The load of the story that fails to reach the audience gives the foundation of the story. What the writers put in the books or media is a smaller portion of the data collected along the way. Every tip of the floating iceberg is eight times what remains below the surface, in other words, what remains unpresented to the audience. When the authors complete presenting their work or build the entire iceberg, the remaining concealed part is often protected from calving. What remains unsaid is often determined by the author and the writing context. Authors often prefer to present actions that fuel and propel actions and strengths of the narrative, besides amplifying the actions of the characters. The deep strength of the writer can also be hidden in the unseen part of the story. The author may opt to make the story complicated, for the audience to think beyond what they see in the story. Leaving the bulk part of the story unwritten thus informs the author’s intelligence of involving the audience critically in the story.
The meaning of the story is best perceived by what the audience reads. Nevertheless, in Hemingway’s iceberg theory, leaving the bulk part of the story is crucial in getting a concise meaning and understanding of the story. The limitation of the part of the story builds the readers’ understanding of the story by making them think beyond what they see. In the Titanic ship tragedy, the above surface iceberg witnessed by the sailors was never a threat, therefore relying on it alone could have misled the sailors. The same applies to read the story, what the audience and readers see might not be the reality but an abstract of the real situation. Iceberg theory, therefore, aids the reader to think critically while reading and comprehending the storyline, thus sharpening their thinking capability and interpretation of the story. The reflection of the untold part of the story is like what we see on the surface. In the book of big two-hearted rivers, the authors highlight that “Even the surface had been burned off the ground”. This is a good indication that the surface might not be the real reflection of the subsurface, and therefore, the information written in the book is a brief reflection of the unwritten part. In my opinion, Hemingway’s way of presenting the story by presenting the smaller portion of the story and hiding the larger bulk under the surface is crucial and effective. The style is effective in engaging the audience in the story. Failing to give the audience the full information the author collected as stated earlier makes them engage their minds and souls in the story. The author, on the other hand, remains with a bulky portion of the story that he or she can later use to develop another story related to the one presented previously.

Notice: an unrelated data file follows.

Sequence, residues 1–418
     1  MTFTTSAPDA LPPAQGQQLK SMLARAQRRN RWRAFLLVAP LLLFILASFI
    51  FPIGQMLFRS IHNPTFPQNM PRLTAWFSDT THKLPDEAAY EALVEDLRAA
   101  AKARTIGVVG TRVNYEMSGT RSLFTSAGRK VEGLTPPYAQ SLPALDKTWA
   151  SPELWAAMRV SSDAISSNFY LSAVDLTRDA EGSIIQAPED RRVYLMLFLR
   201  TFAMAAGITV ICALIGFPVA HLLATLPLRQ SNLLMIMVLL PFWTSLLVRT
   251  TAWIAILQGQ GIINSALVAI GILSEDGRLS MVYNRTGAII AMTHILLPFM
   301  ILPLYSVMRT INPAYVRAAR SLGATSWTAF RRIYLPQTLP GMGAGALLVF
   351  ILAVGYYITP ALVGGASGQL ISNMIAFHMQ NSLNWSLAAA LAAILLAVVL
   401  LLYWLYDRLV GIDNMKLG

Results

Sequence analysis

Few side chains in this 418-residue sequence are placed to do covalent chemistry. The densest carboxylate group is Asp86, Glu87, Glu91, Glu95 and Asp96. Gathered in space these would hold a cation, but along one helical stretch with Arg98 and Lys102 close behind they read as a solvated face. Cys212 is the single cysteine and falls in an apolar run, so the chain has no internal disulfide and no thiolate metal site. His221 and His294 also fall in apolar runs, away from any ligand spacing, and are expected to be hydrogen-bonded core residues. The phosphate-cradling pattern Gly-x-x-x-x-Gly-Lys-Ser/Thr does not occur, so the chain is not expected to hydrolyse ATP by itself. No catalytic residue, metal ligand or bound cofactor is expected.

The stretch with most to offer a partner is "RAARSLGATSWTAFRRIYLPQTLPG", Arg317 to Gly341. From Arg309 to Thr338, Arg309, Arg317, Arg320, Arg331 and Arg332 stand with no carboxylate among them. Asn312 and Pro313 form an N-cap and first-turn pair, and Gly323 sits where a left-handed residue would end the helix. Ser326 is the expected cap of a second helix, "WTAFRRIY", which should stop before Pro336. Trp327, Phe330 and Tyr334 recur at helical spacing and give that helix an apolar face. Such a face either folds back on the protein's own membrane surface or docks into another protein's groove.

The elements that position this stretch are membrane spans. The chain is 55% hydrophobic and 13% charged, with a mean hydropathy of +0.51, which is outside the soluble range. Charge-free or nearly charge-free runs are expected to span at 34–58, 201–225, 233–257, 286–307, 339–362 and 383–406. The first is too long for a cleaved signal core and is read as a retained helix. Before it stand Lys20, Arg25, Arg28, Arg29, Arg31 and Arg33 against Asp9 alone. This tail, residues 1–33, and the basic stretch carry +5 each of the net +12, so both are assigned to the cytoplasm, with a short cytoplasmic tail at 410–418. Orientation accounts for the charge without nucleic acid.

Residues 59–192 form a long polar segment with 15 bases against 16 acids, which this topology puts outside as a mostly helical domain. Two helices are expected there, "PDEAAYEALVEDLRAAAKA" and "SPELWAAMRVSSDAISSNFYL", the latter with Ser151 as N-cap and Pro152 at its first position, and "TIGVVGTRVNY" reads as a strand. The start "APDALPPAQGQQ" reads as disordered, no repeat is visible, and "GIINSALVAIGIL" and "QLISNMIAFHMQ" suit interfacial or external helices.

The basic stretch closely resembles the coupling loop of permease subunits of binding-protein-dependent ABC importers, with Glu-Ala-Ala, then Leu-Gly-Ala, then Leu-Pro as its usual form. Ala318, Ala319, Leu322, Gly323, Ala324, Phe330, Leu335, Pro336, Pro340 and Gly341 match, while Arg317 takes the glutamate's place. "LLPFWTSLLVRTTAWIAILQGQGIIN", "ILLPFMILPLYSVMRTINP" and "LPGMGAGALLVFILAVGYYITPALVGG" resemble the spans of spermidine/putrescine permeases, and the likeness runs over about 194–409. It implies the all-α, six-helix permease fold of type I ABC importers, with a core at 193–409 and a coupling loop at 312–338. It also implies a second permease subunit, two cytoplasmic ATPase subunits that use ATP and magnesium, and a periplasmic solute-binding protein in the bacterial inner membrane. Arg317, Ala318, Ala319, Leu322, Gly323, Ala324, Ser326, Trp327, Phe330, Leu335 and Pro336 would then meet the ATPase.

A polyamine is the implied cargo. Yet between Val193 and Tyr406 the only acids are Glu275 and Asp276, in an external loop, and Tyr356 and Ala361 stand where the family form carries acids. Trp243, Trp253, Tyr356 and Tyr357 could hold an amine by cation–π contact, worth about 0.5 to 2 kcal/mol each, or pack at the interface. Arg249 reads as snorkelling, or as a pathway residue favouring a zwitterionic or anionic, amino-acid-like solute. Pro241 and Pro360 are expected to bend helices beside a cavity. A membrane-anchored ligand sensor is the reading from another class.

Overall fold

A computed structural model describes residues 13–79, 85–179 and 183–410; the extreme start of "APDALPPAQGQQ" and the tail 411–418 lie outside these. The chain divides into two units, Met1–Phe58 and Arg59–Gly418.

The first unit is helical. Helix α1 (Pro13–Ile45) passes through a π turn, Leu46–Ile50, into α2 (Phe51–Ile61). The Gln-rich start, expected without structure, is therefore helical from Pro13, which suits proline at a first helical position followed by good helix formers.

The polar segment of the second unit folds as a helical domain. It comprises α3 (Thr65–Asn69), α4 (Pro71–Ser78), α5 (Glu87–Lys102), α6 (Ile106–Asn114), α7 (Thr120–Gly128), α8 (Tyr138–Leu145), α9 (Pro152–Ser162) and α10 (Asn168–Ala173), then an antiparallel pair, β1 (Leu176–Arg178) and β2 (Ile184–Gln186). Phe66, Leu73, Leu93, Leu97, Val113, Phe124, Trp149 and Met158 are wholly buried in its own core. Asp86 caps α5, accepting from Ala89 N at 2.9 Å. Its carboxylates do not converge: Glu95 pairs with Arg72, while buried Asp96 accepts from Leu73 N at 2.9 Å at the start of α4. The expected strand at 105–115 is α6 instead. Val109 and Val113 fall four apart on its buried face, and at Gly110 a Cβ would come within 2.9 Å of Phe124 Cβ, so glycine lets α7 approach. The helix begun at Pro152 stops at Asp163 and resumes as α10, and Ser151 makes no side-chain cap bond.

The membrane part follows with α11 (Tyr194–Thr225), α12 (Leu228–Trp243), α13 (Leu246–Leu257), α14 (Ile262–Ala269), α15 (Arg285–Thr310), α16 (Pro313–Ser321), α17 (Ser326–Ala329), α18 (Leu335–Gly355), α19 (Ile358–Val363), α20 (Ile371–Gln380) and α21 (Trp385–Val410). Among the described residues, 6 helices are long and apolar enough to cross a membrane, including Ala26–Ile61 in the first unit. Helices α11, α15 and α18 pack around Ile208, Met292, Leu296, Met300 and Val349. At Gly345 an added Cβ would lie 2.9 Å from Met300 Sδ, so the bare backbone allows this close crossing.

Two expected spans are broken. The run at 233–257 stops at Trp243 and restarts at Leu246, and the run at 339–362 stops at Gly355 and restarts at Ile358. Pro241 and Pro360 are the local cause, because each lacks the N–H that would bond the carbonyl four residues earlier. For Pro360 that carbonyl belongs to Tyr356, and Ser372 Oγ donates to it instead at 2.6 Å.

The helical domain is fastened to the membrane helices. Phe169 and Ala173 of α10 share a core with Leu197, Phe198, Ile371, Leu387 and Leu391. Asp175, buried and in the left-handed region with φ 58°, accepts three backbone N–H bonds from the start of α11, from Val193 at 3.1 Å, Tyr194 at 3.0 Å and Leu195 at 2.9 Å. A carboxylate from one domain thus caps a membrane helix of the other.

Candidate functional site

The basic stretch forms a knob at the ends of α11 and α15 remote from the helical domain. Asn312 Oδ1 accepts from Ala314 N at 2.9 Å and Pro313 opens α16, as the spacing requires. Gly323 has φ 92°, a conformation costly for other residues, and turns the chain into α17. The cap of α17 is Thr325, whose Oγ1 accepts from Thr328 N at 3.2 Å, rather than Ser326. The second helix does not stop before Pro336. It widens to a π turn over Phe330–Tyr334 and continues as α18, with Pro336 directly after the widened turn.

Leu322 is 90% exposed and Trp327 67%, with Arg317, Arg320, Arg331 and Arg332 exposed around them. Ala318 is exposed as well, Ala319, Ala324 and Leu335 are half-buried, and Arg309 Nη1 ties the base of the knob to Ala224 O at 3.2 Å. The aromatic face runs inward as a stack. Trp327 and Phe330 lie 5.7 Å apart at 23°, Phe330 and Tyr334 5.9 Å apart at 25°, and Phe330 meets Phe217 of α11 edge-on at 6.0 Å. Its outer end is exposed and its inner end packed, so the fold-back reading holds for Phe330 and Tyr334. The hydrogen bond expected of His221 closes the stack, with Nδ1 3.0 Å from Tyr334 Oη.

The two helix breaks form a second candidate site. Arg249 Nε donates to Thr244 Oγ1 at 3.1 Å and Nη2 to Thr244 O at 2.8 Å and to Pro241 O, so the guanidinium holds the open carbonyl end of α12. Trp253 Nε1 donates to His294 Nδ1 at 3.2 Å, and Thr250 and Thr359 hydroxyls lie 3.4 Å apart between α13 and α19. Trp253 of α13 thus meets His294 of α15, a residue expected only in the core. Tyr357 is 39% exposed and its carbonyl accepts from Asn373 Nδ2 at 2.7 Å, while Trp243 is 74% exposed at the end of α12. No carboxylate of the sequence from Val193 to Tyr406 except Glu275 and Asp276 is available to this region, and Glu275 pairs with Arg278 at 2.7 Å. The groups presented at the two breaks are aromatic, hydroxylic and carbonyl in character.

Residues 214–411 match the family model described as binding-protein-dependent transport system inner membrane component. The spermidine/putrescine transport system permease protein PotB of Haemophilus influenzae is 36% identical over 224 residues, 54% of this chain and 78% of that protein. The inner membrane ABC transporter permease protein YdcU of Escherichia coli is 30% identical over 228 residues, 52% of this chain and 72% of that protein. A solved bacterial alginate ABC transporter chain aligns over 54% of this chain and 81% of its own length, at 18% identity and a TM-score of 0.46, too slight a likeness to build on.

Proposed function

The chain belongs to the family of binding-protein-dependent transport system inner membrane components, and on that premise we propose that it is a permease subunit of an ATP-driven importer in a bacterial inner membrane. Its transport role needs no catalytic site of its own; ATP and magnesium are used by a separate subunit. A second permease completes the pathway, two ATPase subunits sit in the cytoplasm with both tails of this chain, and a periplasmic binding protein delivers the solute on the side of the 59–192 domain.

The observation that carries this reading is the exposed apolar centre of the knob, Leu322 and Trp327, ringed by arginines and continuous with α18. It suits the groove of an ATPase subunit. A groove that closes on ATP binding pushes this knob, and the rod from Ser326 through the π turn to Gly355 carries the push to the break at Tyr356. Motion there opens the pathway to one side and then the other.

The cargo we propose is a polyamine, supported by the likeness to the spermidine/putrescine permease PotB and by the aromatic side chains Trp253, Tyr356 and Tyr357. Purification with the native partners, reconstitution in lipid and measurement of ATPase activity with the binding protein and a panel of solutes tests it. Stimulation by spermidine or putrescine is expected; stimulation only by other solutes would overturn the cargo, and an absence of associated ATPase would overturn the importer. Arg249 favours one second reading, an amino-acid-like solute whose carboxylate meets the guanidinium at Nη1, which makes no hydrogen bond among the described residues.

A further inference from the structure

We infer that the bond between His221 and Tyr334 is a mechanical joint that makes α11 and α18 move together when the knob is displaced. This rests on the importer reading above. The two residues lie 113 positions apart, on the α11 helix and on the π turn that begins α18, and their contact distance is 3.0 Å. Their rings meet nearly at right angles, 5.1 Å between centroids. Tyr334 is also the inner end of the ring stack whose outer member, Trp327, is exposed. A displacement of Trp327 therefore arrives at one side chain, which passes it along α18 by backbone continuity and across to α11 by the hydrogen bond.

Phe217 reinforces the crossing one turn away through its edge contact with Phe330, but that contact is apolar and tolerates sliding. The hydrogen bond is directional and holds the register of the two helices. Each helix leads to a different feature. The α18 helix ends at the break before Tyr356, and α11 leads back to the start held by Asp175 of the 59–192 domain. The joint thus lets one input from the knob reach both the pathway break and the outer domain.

The deleted part of the story on writing highlights an account of Nick’s trip to Michigan after World War II, where Nick catches one trout and observes the rivers in search of more fish. In the process of surveying for more fish, several thoughts cross his mind including friends like Bill Smith and his wife Helen. He also thinks of writing that he considers being fun and aspires to write like Cezanne paints. The deleted part of the story boggles the mind of the reader on the reflection on the character trait of Nick. Nick leaves the stream after ‘On Writing’ being ready to face his perception and present them on papers. The deletion also changed the chronology of the story putting Nick’s marriage after the war. Generally, the deletion of the story allows a greater scope of interpretation that encourages the narrator and reader. Cutting the section was a technique used by Hemingway to highlight the flexibility of character Nick while echoing on the author’s credibility of developing further stories. The inclusion of the pages in the story might have tampered with the chronological flow of the story. Hemingway often had a style of presenting his story in chronological events while depicting the credibility and flexibility of the character. Including the deleted section into the story would have to change the sequential flow of the storyline about character Nick.